Ohio Means Organics, Too

Ohio eaters,  I have important news.  The Kasich administration has adopted a new slogan for the Ohio Department of Agriculture (ODA): Ohio Means Agribusiness.  This decision, combined with the elimination of the Office of Sustainable Agriculture, concerns me as an Ohio eater, and a supporter of organic and local farmers*.  Kasich has also reduced staff in Ohio Proud, Farmers’ Market Coordination, and the Office of Farmland Preservation at the ODA.  All of these programs have contributed to the growing organic and local food movement in Ohio and the loss of resources could negatively impact the farmers whose long hours and commitment to their farms and businesses feed my family throughout the growing season.

I am no economist.  I do not claim to understand the workings of the global market and cannot apply those trends to Ohio.  I can report that organic farming has been been one of the fastest growing segments in agriculture for the last ten years.  Total U.S. food sales grew by less than 1% in 2010, the organic food industry grew by 7.7%. The United States offers us the freedom to make economic votes with our dollars.  I am speaking.  So are many others.  Ohio has 503 certified organic farming businesses and many more that are not certified.  Ohio has more than 200 farmers’ markets statewide which allow farmers the opportunity to directly market their goods to consumers, receiving a greater profit than selling wholesale or retail.  Furthermore, farmers’ markets are great opportunities for local businesses:  Clintonville’s Farmers’ Market increases the foot traffic at independent retailers on High Street, keeping the resources in our local economy.  My Saturday morning often begins with a cup of Global Gallery’s coffee, followed by samples at the various stalls.  I often find myself wandering through the bookstores making purchases for upcoming birthdays.  A trip to Baer Wheels generally tunes up my ride.  My bags overflow with my CSA share and a few block of cheese, loaves of bread, pints of fresh fruit.  Rarely is a Saturday complete without spending an hour or two in my community seeing the fruits of the local labors.  Conversations with old and new friends are held on sidewalks with children and dogs circling our legs.  Laughter fills the air.  Smiles appear on every face.  The sound of local musicians weave through our chatter.  No one can stay grumpy at the farmers’ market for long.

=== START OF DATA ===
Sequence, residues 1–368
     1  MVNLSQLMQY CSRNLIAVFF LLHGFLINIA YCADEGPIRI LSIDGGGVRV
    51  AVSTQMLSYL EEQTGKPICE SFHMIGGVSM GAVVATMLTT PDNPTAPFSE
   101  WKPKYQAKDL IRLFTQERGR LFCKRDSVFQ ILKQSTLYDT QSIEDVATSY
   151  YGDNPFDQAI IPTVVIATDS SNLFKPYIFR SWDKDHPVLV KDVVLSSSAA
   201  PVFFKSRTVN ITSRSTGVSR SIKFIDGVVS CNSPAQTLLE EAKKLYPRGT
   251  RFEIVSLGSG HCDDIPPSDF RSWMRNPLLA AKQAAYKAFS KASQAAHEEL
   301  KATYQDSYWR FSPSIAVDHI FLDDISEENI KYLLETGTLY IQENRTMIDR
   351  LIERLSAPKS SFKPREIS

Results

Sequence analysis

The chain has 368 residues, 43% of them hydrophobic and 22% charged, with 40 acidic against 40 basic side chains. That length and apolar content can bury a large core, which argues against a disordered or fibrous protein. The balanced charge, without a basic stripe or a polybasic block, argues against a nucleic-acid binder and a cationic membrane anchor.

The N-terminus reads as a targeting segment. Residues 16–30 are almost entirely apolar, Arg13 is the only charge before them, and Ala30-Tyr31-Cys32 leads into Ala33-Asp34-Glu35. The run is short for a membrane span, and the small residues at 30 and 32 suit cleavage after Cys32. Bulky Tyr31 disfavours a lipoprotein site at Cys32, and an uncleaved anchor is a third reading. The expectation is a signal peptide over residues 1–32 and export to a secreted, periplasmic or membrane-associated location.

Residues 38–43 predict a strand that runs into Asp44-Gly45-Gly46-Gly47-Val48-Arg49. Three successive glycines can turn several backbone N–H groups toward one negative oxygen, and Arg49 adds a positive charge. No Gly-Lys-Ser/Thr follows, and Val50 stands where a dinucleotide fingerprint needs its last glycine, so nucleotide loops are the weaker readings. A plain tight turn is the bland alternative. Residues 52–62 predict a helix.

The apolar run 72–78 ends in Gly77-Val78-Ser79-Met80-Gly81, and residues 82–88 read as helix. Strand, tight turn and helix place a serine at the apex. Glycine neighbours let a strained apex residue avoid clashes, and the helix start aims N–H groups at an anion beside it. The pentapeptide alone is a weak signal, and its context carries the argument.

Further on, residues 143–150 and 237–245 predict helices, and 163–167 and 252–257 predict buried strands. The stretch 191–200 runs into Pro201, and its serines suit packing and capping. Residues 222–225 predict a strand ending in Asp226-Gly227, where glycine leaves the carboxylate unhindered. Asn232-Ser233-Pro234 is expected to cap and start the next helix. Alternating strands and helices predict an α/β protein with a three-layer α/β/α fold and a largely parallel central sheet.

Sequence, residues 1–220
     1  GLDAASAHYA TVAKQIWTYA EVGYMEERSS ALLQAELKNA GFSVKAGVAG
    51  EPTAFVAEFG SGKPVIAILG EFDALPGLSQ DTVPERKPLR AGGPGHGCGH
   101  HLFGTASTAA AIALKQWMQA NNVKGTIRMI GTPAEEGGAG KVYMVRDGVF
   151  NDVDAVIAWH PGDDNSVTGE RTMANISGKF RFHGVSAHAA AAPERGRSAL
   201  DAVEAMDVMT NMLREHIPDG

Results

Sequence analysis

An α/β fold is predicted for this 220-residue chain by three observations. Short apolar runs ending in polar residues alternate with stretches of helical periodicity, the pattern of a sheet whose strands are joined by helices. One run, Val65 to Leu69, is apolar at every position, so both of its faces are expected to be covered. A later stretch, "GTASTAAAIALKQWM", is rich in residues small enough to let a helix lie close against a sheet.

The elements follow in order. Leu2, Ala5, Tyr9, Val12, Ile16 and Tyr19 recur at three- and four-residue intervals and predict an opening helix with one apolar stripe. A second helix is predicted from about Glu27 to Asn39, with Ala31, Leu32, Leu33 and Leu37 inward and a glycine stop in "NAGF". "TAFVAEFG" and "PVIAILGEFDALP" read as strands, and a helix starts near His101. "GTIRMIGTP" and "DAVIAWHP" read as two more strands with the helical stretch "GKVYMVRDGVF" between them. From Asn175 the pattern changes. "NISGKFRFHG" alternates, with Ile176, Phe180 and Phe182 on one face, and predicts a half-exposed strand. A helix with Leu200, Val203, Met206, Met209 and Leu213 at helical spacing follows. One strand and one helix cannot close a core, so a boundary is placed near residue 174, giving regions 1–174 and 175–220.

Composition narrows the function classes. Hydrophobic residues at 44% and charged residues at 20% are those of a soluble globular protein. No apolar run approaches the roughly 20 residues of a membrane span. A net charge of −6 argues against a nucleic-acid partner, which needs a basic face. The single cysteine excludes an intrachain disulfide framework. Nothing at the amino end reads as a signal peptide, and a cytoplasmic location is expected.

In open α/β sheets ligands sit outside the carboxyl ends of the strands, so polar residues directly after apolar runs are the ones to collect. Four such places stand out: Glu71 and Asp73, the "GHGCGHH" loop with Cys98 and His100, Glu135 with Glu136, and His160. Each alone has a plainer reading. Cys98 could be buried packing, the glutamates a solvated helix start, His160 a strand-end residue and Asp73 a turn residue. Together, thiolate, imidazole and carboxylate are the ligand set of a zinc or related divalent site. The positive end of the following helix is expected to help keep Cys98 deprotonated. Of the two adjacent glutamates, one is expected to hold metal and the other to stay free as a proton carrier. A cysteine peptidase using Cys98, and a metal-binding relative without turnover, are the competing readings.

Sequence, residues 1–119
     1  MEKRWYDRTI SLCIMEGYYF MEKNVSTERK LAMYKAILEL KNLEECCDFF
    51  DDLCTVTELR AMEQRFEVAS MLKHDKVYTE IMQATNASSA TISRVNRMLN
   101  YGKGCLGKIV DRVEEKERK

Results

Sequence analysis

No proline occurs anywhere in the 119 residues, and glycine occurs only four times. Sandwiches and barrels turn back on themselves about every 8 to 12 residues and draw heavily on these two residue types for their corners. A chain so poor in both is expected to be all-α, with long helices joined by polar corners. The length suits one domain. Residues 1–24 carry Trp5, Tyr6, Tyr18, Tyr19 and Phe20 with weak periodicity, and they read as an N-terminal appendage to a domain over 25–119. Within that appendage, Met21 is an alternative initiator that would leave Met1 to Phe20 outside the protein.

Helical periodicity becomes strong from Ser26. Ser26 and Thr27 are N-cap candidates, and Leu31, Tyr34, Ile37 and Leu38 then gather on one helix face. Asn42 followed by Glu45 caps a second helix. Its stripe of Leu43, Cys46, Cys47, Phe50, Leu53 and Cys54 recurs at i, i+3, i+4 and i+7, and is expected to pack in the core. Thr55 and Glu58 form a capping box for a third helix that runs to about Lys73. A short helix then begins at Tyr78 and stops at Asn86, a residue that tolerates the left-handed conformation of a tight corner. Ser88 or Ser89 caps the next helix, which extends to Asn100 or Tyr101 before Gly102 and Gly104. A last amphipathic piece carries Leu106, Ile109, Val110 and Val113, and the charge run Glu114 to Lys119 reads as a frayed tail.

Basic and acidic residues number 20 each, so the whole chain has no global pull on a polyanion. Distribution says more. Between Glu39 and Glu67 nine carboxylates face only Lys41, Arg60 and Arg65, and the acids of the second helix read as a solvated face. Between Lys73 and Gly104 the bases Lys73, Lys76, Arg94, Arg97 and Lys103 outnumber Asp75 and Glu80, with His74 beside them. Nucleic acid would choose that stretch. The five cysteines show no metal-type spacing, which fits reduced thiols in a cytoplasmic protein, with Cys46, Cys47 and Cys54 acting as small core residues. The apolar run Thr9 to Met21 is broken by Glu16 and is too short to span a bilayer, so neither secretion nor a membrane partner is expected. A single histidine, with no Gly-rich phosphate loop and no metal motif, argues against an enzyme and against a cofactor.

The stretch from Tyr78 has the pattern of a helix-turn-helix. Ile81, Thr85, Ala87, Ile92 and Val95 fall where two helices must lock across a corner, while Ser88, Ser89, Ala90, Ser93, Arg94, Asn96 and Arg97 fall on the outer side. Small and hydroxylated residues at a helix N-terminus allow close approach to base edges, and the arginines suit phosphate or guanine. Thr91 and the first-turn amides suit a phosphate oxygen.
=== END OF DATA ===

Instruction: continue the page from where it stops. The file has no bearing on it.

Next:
I am not an expert on agribusiness and I am not pretending that it is not important to ensure that we grow enough food to feed all our citizens.  I do know a little something about local businesses.  I am pretty sure that while locally-owned shops, farms, markets, and restaurants make a smaller impact on the state economy, the impact is still present and important.  As I have discussed before, our decision to purchase a CSA share was about more than filling our stomachs and freezer.  Our annual purchase is a deliberate decision to support farmers who are neighbors in many senses of the word.

So today I want to speak out for the economic impact small farm business is making.  I know that political decisions are challenging.  I understand the need to create jobs.  I also challenge my readers to hold your politicians accountable.  Losing our independent sellers loses jobs.  I am hopeful that Ohio’s economy will continue to grow, but am challenged by policies that seems to stifle growth in one area while focusing on the other.  Sustainable agriculture is just that.  Sustainable.  My farmers are committed to practices that do not pollute local waterways, poison the land, or harm the environment.  Their practices ensure a long future of farming in Ohio, one I am proud to support.

Unfortunately, the Kasich administration is taking away needed support to allow local farmers to deliver my produce to me.  By focusing the ODA on agribusiness, it will get harder for citizens to continue to vote for the small farmer with their dollars.

If you are able, please consider what you can do to ensure that Ohio’s small farmers continue to be supported.  Write a letter.  Do some research.  Talk to your neighbor.  Go to a farmers’ market.

*All statistics were provided by the Ohio Ecological Food and Farm Association.

2 thoughts on “Ohio Means Organics, Too

  1. I agree with you totally. I try to buy from the farmers down near me, the selection probably isn’t as good, but I’m supporting those in my area.

  2. Pingback: Departing The `Bus | Karma in the Kitchen

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